Following the 20th Congress of the CCP, Germany closely followed the changes in the Party’s military leadership along with Xi Jinping’s statements on Taiwan and its importance for “the rejuvenation of the nation.” Now, the German government is reviewing its entire investment policy in China.

China has been one of Germany’s major trading partners for the past six years, and German investments represent the largest inflow of resources from the European Union, contributing an average of 43 percent of total investment over the past four years.

According to a study by Rhodium Group, “European investment in China is now increasingly dominated by a small number of large players, predominantly German companies.”

Competition between the two countries is great and China overtook Germany for the first time in 2020, exporting more machinery and equipment.

As reported by the Taiwan Central News Agency, for years, Germany promoted investment in China. However, after the congress, the tension in the Taiwan Strait worried Germany, because if Western countries decide to intervene in a possible conflict and sanction the CCP, the trade relationship with Germany would be affected.

In this respect, Germany’s strategy toward China is changing, as it is in other European countries. The aim is to counter the influence of the Chinese Communist Party in the country. The German cabinet recently banned two semiconductor manufacturers, Elmos and ERS Electronic, from selling products to Chinese-funded companies on national security grounds. The government is also actively encouraging companies to relocate from China to other Asian markets.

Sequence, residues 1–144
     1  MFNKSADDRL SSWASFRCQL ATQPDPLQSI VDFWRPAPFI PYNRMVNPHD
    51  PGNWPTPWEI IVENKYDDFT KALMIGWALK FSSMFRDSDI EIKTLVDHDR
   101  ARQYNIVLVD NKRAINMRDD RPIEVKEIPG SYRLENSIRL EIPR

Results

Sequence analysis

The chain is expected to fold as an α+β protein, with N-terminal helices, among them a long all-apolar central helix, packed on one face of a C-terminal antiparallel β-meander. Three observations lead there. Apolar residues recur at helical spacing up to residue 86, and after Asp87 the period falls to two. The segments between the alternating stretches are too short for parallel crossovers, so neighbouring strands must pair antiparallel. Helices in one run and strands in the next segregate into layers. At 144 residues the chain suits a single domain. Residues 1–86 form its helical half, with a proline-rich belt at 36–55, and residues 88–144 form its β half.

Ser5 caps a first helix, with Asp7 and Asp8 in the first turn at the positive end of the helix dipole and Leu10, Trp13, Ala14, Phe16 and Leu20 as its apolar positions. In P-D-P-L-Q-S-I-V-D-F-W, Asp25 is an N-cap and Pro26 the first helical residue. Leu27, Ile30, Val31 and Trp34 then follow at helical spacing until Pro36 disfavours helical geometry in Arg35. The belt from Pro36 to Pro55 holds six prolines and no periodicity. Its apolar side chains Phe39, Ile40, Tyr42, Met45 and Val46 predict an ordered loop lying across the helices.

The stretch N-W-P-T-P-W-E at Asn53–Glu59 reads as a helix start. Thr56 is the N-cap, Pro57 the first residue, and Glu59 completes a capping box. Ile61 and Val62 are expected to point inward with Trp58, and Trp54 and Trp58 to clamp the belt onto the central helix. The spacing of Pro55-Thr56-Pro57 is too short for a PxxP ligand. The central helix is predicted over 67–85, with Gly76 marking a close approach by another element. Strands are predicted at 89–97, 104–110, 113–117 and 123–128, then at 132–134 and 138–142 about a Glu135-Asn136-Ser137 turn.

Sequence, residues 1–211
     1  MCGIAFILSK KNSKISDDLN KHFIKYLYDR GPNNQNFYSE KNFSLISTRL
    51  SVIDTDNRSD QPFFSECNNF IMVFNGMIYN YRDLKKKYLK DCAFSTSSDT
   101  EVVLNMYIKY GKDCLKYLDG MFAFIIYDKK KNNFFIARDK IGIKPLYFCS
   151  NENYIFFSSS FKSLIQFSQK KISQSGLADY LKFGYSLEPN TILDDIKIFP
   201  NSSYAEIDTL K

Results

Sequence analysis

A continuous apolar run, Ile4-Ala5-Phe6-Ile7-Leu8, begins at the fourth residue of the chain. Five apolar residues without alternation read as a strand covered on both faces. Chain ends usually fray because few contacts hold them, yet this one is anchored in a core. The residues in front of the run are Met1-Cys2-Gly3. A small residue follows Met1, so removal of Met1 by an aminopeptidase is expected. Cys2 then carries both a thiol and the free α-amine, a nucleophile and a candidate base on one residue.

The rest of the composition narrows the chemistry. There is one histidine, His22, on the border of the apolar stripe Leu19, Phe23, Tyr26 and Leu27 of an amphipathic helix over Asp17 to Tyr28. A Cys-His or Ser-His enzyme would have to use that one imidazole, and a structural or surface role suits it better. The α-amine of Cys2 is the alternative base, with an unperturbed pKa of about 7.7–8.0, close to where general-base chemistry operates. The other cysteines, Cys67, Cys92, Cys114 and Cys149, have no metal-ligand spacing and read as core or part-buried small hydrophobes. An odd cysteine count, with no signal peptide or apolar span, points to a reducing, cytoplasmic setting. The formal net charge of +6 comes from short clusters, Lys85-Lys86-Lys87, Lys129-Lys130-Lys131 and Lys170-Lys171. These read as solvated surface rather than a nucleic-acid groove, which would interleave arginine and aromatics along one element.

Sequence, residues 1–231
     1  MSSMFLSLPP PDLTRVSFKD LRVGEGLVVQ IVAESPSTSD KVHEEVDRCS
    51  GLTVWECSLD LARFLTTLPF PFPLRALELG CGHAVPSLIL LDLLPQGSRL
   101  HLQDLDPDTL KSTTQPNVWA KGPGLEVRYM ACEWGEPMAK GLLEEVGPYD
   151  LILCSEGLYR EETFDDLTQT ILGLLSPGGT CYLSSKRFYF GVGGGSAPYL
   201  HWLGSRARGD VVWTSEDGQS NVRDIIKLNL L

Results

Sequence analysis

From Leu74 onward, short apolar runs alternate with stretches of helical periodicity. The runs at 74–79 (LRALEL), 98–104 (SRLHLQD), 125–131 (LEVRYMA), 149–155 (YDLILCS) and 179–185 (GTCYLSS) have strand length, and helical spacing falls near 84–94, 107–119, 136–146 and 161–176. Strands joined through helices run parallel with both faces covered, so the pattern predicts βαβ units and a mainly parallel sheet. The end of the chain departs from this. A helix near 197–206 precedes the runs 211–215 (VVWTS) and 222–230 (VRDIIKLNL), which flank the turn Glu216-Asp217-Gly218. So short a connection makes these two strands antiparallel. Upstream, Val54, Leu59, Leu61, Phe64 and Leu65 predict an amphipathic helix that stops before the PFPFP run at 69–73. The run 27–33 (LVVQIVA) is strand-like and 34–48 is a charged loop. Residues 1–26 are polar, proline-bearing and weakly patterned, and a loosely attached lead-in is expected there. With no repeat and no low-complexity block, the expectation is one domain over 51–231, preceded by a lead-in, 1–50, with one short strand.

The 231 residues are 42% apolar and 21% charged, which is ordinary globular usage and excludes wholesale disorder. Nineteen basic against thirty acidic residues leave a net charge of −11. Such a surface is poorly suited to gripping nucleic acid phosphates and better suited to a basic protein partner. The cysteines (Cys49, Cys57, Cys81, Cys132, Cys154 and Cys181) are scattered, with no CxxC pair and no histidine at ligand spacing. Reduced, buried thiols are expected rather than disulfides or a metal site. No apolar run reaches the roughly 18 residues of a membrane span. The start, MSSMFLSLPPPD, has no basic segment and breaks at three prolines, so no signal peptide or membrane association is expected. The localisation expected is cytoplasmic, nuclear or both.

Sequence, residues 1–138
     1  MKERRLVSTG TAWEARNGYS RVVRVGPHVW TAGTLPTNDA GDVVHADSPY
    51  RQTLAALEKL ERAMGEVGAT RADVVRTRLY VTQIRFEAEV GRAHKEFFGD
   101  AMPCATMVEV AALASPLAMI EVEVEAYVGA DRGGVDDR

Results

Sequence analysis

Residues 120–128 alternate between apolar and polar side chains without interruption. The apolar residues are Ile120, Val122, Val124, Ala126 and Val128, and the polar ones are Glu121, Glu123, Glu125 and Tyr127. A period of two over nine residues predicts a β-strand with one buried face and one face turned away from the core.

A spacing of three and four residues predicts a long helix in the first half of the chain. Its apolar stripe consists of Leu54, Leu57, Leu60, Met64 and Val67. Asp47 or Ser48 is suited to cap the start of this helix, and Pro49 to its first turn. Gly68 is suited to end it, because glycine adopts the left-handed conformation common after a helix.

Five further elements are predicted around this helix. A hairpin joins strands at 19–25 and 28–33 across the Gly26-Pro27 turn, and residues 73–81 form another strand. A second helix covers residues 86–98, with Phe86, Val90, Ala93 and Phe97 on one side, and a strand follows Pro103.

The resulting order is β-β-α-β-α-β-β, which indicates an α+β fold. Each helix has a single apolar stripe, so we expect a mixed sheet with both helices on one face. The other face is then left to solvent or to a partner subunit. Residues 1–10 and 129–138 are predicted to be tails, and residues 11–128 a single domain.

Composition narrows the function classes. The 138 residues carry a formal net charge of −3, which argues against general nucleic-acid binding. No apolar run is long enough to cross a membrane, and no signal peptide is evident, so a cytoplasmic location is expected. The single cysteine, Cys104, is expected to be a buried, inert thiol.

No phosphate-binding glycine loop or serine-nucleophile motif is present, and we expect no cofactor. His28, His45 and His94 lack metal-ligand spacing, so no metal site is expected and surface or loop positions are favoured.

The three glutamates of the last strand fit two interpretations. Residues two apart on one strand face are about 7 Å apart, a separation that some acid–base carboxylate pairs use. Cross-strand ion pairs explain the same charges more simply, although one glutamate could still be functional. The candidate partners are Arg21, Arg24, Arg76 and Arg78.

German Economics and Climate Minister Robert Habeck said he did not look favorably on sales by these two semiconductor companies to China. He stressed, “Critical production sectors require special protection.”

Previously, the German government regarded China as a strategic partner, however, it’s now being treated as a “systemic rival” to be protected against.

According to statistics from the German Institute for Economic Research, German companies invested $10.37 billion in China in the first half of 2022, mostly in the chemical and automotive industries.

As for the situation in the Taiwan Strait, Germany is in a position where it must choose between preserving its largest trading partner or supporting the island’s independence.

Any action in favor of Taiwan’s like-minded democratic values puts Germany and its commercial closeness to the CCP under the spotlight.

In order to preserve these trade relations, Germany follows the “one China” principle to the letter. Its diplomacy toward Taiwan is similar to that of the United States, on the one hand recognizing the CCP’s demands, on the other hand dealing with Taiwan as if it were an independent nation, although for diplomatic purposes it uses ambiguous terms such as “Taiwanese authorities” rather than “Taiwanese government.”

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